Four local wines to hunt down | Drink | Halifax, Nova Scotia | THE COAST

Four local wines to hunt down

Local wine experts weigh in on what homegrown bottles they’re drinking.

Lesley Quinn, sommelier at The Barrington Steakhouse & Oyster Bar
Drink of choice: 2015 Mercator Sauvage Sur Lie

"It's one of the first white wines in Nova Scotia that I feel has shown real complexity. I love Tidal Bay, it's easy to drink and delicious, but this has texture, minerality— it's just got a lot going on. The cool thing about it is it's a blend of a hybrid grape and vinifera, Petite Milo and Chardonnay. And it's aged on its lees—that style of aging is done with white wine from France and Austria, wines that are considered quite good, and usually considered to be really good with seafood. Some Chardonnays we see out of Nova Scotia are overly oaked. It's just really well balanced. There's smokiness to it that's really cool that would go great with any Nova Scotian, or PEI, oysters."

Jenny Gammon, sommelier/communications & events manager at Bishop's Cellar
Drink of choice: 2015 Lightfoot & Wolfville Riesling

"Aromatic, fresh and food-friendly—what else could I want from a local white wine? Here in Nova Scotia we've got a relatively short growing season and lots of cool summer nights, keeping our wine full of refreshing acidity and lively aromatics. Wineries in our own backyard, like the newly-opened stunner Lightfoot & Wolfville, are wisely looking to other cool climate regions to find the best and brightest grapes for our conditions. Riesling is a somewhat misunderstood grape as many wine drinkers associate the grape exclusively with the very sweet style of wines it can create. This wine is mostly dry with just a touch of sweetness for balance— full to the brim with zesty flavours and bright acidity. A perfect match for the many nuances of Asian cuisines and other warm, spicy foods that I especially love this time of year."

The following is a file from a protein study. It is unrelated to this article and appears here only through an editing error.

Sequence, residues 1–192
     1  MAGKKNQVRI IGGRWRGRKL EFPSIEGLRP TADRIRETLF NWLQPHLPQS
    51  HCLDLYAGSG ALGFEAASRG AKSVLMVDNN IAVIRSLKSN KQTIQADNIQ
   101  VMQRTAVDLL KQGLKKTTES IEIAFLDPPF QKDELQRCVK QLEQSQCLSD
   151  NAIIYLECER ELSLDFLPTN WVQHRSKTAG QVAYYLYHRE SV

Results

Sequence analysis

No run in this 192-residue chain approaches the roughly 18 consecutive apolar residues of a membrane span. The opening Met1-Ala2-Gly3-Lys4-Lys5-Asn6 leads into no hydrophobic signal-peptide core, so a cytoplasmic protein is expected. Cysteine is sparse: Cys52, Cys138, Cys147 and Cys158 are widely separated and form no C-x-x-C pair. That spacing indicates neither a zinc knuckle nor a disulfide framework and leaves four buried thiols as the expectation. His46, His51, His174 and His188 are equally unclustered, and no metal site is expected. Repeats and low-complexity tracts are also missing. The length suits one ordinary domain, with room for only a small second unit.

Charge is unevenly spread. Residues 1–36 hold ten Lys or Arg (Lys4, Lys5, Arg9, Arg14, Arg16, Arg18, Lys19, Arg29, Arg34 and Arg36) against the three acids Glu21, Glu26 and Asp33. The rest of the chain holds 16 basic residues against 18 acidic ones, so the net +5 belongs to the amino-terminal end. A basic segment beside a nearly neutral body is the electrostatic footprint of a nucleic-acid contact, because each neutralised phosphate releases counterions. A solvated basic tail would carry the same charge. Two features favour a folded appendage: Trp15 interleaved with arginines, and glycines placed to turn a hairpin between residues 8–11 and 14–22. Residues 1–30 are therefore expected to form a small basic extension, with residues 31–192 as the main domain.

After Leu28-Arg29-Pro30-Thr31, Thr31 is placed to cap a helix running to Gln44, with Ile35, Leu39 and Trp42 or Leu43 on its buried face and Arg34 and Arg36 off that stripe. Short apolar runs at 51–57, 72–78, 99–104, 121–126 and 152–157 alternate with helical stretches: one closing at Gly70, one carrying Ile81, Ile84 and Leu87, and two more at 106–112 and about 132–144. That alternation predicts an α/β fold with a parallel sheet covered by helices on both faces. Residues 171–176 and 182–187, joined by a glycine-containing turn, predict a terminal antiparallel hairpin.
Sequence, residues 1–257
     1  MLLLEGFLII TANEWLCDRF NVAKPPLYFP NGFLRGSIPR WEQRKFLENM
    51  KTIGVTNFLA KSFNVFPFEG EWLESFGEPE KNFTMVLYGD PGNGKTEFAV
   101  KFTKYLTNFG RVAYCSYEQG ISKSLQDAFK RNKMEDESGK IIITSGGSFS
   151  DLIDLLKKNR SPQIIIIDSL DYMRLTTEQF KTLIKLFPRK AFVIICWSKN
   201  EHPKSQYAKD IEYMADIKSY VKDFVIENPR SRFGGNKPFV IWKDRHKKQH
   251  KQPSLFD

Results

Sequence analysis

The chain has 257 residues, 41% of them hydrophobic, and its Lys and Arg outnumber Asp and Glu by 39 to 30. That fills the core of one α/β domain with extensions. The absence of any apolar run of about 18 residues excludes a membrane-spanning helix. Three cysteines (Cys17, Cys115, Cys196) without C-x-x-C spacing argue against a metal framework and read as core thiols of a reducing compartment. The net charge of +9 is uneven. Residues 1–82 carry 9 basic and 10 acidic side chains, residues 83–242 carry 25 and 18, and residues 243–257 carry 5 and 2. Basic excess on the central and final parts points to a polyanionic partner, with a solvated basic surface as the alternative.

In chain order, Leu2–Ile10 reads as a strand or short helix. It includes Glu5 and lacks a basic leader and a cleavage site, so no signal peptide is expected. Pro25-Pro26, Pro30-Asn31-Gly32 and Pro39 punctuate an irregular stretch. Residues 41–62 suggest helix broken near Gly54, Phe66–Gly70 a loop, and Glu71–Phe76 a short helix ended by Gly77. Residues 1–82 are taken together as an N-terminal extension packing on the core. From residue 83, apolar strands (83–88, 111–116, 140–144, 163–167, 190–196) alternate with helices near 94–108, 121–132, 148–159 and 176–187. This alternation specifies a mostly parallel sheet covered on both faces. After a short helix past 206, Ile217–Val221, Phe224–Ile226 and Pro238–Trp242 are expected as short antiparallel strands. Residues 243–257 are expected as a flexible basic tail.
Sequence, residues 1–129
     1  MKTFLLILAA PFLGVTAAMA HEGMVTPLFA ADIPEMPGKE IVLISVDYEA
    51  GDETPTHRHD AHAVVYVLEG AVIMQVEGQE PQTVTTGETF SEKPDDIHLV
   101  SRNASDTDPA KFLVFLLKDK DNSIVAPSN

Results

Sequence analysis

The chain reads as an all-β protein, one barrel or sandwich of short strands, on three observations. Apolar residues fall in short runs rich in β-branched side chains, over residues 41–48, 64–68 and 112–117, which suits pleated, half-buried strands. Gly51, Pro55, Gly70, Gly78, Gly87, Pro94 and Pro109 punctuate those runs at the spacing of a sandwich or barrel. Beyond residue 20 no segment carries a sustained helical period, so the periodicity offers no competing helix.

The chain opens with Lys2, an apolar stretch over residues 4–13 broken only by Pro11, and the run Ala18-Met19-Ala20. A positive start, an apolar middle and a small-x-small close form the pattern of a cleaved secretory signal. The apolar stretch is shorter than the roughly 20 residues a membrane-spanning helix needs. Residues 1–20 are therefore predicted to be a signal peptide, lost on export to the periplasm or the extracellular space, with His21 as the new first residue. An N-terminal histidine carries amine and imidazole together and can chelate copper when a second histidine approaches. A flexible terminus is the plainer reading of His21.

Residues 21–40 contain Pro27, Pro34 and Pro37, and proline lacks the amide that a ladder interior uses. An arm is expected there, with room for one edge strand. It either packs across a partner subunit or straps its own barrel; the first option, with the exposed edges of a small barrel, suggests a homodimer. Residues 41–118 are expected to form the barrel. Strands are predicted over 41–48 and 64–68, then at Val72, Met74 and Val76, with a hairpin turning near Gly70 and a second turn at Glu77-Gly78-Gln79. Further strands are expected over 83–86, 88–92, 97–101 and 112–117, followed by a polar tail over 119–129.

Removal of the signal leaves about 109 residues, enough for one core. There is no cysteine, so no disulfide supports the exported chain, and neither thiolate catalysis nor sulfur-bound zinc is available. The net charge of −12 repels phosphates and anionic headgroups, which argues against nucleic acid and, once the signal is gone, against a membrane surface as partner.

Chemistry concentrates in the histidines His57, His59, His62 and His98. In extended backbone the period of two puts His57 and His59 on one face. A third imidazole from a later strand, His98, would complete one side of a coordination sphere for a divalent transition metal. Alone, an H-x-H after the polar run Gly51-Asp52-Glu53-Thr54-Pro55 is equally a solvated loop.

Keegan deWitt,
sommelier at Bar Kismet
Drink of choice: 2016 Benjamin Bridge Pinot Meunier

"While this wine isn't available on the market yet it will be in the near future! The reason I've chosen this wine is that it is one of the few red wines from Nova Scotia that I can really get behind. It's a naturally made wine which means it is wild fermented using indigenous yeasts and done without the addition of sulphites or any cleaning agents whatsoever. If you are in to progressive winemaking and want to try some interesting and experimental wines then you should definitely check out the Benjamin Bridge Wine Club. They are making some of the most interesting wines in the province right now and this one really shows their capability as a winery. The wine spends six months on its skins and is a beautiful bright ruby colour with flavours of cherry and spices, absolutely delicious. We are highly regarded for our ability to make sparkling wine in this province and it's so exciting to see and taste our potential for red wine as well."

Heather Rankin, sommelier/co-owner at Obaldee, A Wine Bar
Drink of choice: 2015 Petite Rivière Gamay

"Many local wine-lovers aren't as familiar with the wines of the LaHave River Valley. Being on the south shore it tends to be warmer than the Gaspereau and Annapolis valleys, and its soil and topography differ too. These Gamay grapes are from Bear River, hand-harvested in 2013 and bottled two years later. It's a lighter, leaner style than many red lovers might be used to, but what it lacks in weight it more than makes up for with subtle, delicious nuances like red cherry, cranberry and dried herb. A great food wine—this has Thanksgiving dinner wine written all over it."

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